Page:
Acid tolerant

19

How is Salmonella typhi transmitted?

Human to human
Fecal to oral

20

What are the clinical manifestations of Salmonella typhi?

- Fever with headache
- Rising fever over 3 days
- Thyphoid fever
- GI symptoms

Note that there is a 13 day incubation period

21

Describe the mechanism of action of Salmonella typhi.

1) Adherence to M-cells (antigen presenting cells to the Peyer's patch in the ileum) & enterocytes
2) Type III secretion system, secretes SSPs into the cell that causes membrane ruffling & escape from the vacuole
3) Escape from the cytosol
4) Can then travel to the lymph or bloodstream, causing bacteremia/ spesis

22

How is Salmonella typhi diagnosed?

Culture of stool and blood samples on selective media

23

How is Salmonella typhi treated?

Antibiotic therapy based on susceptibility profile

24

How is Salmonella typhi prevented?

Avoid potential sources of infection
- Drink bottled water (no ice)
- Eat thoroughly cooked food
- Avoid raw fruits & vegetables

Vaccination for travelers to endemic areas

25

Describe the characteristics of Small Intestine Nontyphoidal Salmonella.

Gram negative rod
Lactose non-fermenter
Oxidase negative
Facultative anaerobe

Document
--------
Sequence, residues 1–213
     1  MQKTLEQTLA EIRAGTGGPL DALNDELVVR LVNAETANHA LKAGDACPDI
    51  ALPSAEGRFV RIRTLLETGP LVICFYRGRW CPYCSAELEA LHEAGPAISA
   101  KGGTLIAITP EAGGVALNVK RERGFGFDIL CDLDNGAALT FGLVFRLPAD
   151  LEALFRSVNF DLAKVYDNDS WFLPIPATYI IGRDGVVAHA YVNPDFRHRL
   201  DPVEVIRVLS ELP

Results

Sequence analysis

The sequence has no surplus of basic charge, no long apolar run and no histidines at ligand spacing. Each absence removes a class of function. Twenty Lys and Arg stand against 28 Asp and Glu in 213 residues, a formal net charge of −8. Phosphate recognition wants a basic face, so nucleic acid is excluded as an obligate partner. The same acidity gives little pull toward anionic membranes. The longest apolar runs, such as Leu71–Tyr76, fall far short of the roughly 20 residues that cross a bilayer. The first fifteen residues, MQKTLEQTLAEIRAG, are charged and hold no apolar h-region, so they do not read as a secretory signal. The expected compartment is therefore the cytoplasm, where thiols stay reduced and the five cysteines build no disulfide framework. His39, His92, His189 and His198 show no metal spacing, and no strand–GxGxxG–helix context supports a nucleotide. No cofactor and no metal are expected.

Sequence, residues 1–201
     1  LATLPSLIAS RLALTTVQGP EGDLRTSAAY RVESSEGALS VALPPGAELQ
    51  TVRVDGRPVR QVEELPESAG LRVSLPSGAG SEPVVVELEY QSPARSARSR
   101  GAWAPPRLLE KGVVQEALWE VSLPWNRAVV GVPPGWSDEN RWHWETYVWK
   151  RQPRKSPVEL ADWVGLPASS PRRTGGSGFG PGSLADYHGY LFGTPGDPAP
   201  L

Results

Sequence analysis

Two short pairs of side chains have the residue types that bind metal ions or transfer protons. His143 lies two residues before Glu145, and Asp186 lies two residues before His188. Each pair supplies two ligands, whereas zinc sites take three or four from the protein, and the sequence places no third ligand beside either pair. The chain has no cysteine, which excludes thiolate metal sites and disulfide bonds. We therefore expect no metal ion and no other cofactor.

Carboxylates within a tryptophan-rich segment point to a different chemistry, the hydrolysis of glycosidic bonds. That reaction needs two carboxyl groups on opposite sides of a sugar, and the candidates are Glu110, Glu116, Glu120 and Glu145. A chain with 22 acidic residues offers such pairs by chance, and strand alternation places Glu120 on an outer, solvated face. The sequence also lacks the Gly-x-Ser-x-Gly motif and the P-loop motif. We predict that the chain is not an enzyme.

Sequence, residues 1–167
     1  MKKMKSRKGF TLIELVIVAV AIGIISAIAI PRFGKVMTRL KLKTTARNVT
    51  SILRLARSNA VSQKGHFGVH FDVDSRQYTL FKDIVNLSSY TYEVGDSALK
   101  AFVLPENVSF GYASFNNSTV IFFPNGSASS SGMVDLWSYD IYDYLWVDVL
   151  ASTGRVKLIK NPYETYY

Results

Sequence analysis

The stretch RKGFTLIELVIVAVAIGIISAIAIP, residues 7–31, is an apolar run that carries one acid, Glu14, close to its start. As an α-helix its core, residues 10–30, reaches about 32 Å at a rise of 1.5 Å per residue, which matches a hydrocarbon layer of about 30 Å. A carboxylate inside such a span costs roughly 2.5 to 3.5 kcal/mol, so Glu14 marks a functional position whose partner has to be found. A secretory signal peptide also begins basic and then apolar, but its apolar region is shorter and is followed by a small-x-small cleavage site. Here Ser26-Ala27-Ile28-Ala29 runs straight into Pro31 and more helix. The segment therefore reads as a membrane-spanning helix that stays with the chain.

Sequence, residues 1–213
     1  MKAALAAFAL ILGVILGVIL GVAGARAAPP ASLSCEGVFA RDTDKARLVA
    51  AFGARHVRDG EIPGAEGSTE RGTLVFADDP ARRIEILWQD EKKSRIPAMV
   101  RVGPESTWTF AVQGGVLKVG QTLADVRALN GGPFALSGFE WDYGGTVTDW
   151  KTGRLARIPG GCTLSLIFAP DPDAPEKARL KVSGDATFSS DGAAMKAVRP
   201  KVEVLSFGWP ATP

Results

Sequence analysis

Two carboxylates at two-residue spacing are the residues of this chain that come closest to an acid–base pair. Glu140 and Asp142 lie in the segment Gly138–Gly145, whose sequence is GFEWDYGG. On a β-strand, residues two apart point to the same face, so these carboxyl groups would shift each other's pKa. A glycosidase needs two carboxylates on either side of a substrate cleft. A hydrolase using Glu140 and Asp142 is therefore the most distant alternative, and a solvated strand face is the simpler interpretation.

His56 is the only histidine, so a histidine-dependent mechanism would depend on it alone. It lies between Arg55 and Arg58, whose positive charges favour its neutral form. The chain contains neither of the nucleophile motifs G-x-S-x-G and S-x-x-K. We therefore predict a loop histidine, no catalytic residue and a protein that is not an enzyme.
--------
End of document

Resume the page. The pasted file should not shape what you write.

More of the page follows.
Motile
Flagellated (+ H-antigen)
Acid tolerant

Note that this is exactly the same as S. typhi, the only difference is that this one is not as well adapted to humans

26

What is Small Intestine Nontyphoidal Salmonella infection associated with?

- Contaminated food e.g. poultry, eggs, & dairy products
- Human to human transmission is unlikely

27

What are the clinical manifestations of Small Intestine Nontyphoidal Salmonella?

Clinical manifestations occur between 6 & 48 hours post-ingestion:
- Nausea & vomiting
- Abdominal cramps
- Watery diarrhea

This persists for 3-4 Days, & typically there is spontaneous resolution in 7 days

28

Describe the mechanism of action of Small Intestine Nontyphoidal Salmonella.

Same as Salmonella typhi with Type III Secretion System

29

How is Small Intestine Nontyphoidal Salmonella diagnosed?

Serology
- Anti-Vi antigen antibodies

Culture from blood and stool
- Non-lactose= white on MacConkey
- Black precipitate b/c H2S producer

30

How is Small Intestine Nontyphoidal Salmonella treated?

Supportive

*Abx therapy is NOT recommended unless there is systemic infection. Abx tend to enhance the carrier state

31

List the characteristics of Campylobacter jejuni.

Gram negative "sea-gull or comma" shaped
Microaerophilic
Invasive

32

What disease does Campylobacter jejuni cause?

Ulceration
Acute enteritis
Sepesis
Guillian-Barre Syndrome

33

What is the most common cause of bacterial diarrhea?

Campylobacter jejuni

34

What syndrome is a sequalea of Campylobacter jejuni infection?

Guillian-Barre Syndrome

35

What is Guillian-Barre Syndrome?

Acute immune-mediated polyneuropathy
- Progressive & fairly symmetric muscle weakness
- Absent or depressed deep tendon reflexes

36

How is Campylobacter jejuni diagnosed?

Culture (microaerophilic environment)

37

How is Campylobacter jejuni treated?

Supportive therapy
Antibiotic therapy